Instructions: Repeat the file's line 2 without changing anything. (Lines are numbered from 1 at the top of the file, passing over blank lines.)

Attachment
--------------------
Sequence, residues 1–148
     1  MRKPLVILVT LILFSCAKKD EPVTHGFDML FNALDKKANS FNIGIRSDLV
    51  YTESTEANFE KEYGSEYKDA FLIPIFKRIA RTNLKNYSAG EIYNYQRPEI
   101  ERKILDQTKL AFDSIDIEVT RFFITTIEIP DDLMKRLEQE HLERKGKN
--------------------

     1  MRKPLVILVT LILFSCAKKD EPVTHGFDML FNALDKKANS FNIGIRSDLV